When I put on those 3D glasses and followed Mr. Herzog into those hidden chambers, I literally got the shivers. What struck me most was the perfect example of Art in its most elemental state—both from human beings and Nature itself. What better example of Earth the Artist than limestone formations—those swirls, the sparkles and waves, solid rock being made to look liquid, taking thousands of years to form.

A snippet from my Beaver Falls Karst project shows limestone formations similar to Chauvet Cave.


And the paintings! However they are scrutinized and analyzed by experts for their significance—to me, they spoke a singular fact: even as long as 30,000 years ago, artists were doing what artists have always done. They were exploring and expressing the complexities and simplicities of their world. They were artists searching for clarity.

Whenever I want to reignite my own creative spark, I get out my copy of “The Artistic Spirit”, by Robert Henri, written in 1923. I can flip to almost any page, and find some nugget of pure inspiration to get me beyond whatever artistic challenge I’m facing at that moment. It’s not a really a book of instruction…it’s simply the words of a man who was unusually clear about what it means to be an artist. I’m sure that if those cave artists read Henri’s words they would say, “Yes, that’s it! That’s exactly what we were trying to do.” Henri speaks the common language of artists.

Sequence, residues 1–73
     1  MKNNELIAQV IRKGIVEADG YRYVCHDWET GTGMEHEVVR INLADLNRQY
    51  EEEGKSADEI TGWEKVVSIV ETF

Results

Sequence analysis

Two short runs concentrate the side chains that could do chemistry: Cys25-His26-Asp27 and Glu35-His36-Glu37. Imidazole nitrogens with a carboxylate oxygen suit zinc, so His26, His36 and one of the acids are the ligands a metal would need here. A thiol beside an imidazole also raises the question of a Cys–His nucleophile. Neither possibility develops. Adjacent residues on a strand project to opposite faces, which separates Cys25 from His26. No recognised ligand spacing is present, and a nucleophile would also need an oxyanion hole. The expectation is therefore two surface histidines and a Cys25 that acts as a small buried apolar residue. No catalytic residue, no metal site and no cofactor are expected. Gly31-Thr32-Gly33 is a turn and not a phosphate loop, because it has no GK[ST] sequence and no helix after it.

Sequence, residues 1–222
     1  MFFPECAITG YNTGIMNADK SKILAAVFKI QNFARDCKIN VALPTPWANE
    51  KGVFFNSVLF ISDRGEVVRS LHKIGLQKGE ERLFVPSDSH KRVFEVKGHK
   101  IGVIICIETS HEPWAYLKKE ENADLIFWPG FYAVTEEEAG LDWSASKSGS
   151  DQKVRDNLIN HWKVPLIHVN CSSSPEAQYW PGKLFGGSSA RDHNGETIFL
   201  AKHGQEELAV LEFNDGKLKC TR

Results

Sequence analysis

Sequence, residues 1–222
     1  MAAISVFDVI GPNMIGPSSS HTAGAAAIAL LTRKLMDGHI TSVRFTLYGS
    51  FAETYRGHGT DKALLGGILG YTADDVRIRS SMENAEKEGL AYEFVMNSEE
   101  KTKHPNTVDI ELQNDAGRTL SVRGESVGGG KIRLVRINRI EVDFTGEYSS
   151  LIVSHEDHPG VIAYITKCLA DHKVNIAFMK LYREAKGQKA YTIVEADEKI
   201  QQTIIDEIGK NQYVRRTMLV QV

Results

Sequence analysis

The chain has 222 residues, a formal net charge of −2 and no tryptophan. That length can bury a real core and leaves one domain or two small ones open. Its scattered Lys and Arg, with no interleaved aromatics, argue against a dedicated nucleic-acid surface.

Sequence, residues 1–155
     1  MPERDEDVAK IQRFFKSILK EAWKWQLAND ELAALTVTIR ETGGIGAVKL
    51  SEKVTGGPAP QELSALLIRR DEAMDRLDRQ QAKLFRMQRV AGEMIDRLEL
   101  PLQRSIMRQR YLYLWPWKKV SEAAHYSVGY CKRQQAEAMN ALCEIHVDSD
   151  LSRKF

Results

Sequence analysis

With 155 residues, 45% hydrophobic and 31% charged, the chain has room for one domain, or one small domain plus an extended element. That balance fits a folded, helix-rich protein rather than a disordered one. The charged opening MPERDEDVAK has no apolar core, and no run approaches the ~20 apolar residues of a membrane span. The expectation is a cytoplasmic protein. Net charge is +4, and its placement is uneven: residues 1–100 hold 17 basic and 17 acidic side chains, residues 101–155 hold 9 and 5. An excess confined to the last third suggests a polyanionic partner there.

“There are moments in our lives, there are moments in a day, when we seem to see beyond the usual. Such are the moments of our greatest happiness. Such are the moments of our greatest wisdom. If one could but recall his vision by some sort of sign. It was in this hope that the arts were invented. Sign-posts on the way to what might be. Sign-posts toward greater knowledge.” — Robert Henri


A word to aspiring artists

Whenever you feel the creative spark inside you, fan it! Don’t let it go out. Where there’s one, there will be more. Keep at it, one little spark at a time. You are lighting your way on your own search for clarity. It’s not the destination that counts…the searching is enough to put you in the company of artists since the beginning of time. It’s good company.